Biden, Obama celebrate Affordable Care Act ruling as a "major victory"

Nellie Chapman
June 18, 2021

The Affordable Care Act, the public health care system signed into law by President Barack Obama, survived a legal challenge Thursday when the Supreme Court ruled that it can not be struck down on the basis of the elimination of the individual mandate. Four conservative justices would have struck down the entire law in 2012. He called for building further on the law that was enacted in 2010 when he was vice president.

The Republican-led Congress cut the tax penalty for those who lacked insurance to zero as part of the year-end tax overhaul.

The ruling came in a lawsuit by Texas and 17 other Republican-governed states and later joined by Trump's administration.

This decision marks the third time the nation's highest court has considered a significant legal challenge to the ACA-and the third time the justices allowed the law to stand.

Republicans fiercely opposed Obamacare when it was proposed, failed to repeal it when they controlled both chambers of Congress and have been unsuccessful in getting courts to invalidate the law.

But the third major attack on the law at the Supreme Court ended the way the first two did, with a majority of the court rebuffing efforts to gut the law or get rid of it altogether. Kavanaugh and Barrett joined the majority.

Justices Samuel Alito and Neil Gorsuch were the two dissenting votes.

Justice Stephen Breyer wrote for the court that the states and people who filed a federal lawsuit "have failed to show that they have standing to attack as unconstitutional the Act's minimum essential coverage provision".

President Joe Biden's administration in February urged the Supreme Court to uphold Obamacare, reversing the position taken by the government under Trump, who left office in January.

On Thursday, the court left the act in place. Plus, some "palace intrigue" discussion about whether Alito was denied his chance to write a majority opinion.

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The court ruled 7-2 that the red states don't have standing to challenge the law's individual mandate. Lower courts had struck down the mandate, in rulings that were wiped away by the Supreme Court decision. "Americans know health coverage can mean the difference between life and death, so families across the country should rest easy tonight knowing their healthcare is safe", said Attorney General Bonta. Improving the ACA appropriately targets providing coverage to the uninsured population, rather than upending the health insurance coverage of most Americans.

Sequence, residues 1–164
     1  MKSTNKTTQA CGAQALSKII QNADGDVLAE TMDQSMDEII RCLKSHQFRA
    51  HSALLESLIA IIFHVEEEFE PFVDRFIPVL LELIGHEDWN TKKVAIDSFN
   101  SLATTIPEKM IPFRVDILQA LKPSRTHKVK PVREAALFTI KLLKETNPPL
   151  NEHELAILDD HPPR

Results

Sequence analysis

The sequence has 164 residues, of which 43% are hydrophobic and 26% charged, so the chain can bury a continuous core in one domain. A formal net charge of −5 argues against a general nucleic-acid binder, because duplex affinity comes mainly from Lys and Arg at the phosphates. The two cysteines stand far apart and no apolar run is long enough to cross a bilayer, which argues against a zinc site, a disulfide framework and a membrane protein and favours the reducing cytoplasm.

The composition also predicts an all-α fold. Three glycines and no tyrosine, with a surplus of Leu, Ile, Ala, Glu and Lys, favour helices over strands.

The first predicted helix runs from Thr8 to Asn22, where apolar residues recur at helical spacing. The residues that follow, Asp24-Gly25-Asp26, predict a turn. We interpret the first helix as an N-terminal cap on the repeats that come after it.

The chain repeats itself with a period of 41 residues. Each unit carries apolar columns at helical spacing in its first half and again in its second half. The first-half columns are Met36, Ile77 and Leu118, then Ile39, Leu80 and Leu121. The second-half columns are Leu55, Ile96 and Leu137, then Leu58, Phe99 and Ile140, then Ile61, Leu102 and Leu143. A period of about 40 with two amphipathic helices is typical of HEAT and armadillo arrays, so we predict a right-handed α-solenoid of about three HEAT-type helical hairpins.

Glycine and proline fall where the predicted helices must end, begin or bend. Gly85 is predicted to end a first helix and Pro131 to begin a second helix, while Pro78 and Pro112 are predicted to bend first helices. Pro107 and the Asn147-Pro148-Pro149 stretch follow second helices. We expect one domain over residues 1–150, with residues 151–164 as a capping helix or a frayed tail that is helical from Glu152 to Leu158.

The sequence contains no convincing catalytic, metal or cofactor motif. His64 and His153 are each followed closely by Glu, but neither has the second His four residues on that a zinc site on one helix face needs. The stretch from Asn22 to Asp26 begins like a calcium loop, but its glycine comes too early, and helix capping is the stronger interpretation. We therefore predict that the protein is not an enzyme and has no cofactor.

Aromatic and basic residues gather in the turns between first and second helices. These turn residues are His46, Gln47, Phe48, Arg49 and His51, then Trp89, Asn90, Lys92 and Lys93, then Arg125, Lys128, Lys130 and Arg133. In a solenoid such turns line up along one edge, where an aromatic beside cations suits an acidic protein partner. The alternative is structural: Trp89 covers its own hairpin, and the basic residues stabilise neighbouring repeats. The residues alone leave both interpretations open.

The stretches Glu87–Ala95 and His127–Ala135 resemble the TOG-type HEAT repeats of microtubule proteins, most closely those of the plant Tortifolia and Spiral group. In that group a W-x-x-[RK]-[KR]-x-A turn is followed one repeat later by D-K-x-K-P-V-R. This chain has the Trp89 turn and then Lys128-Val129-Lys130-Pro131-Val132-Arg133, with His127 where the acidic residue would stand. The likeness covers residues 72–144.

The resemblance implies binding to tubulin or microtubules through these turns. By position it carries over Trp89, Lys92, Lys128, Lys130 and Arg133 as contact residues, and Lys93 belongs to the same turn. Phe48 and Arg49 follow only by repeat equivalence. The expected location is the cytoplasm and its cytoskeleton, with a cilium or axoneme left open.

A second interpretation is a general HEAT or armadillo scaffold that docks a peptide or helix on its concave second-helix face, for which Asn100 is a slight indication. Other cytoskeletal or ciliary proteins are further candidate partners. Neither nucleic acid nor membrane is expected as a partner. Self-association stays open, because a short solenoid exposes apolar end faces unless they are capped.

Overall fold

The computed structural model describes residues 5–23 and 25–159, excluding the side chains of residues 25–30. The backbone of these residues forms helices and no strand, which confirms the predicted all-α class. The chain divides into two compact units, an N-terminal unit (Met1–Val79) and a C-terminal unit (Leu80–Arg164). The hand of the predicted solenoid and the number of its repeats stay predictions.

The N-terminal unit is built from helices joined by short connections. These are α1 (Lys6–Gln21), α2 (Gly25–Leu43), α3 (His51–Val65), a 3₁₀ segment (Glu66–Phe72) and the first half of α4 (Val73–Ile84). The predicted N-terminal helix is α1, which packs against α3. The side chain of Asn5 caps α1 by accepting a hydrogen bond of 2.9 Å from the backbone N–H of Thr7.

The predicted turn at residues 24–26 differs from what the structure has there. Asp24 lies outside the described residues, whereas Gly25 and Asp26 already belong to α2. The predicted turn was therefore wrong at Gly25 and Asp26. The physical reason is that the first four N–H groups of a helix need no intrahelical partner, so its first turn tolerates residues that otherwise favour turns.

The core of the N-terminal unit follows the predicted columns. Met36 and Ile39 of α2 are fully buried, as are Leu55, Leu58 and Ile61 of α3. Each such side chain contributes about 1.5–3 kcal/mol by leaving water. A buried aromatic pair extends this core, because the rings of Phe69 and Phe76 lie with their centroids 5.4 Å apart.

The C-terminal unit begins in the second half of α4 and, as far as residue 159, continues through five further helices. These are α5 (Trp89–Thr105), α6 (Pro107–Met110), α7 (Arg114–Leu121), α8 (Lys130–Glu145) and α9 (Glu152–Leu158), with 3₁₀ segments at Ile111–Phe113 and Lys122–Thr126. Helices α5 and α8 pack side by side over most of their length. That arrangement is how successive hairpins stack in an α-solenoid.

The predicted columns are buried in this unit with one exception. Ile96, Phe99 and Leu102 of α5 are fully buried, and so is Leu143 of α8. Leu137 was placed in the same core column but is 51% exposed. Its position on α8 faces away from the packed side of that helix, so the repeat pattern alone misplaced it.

"Today's ruling reminds us that Congress needs to return to health reform", Kay C. James, the foundation's president, said in a press release. "Republicans don't seem to have much enthusiasm for continuing to try to overturn the law". Every Republican in Congress voted against it.

Roberts cast the key vote in a 5-4 decision that stunned Republicans, holding that the law's individual coverage mandate was valid under Congress' taxing power.

Ahead of those reactions, the president, who was Obama's vice president when the legislation passed, welcomed the decision in a tweet.

Polling data has shown that Obamacare has become increasing popular among Americans, including Republicans. The Trump administration did take steps to hobble the law. His giant COVID-19 relief bill significantly increased subsidies for private health plans offered through the ACA's insurance markets, while also dangling higher federal payments before the dozen states that have declined the law's Medicaid expansion.

Biden has pledged to expand healthcare access and buttress Obamacare.

"There is no possible government action that is causally connected to the plaintiff's injury - the costs of purchasing health insurance", the opinion said. More people than ever-31 million-are covered under the ACA through the marketplace or Medicaid. They can not be turned down for coverage on account of health problems, or charged a higher premium.

"ObamaCare was sold on a lie to the American people".

Anyone under the age of 26 who can remain on their parent's health insurance plan.

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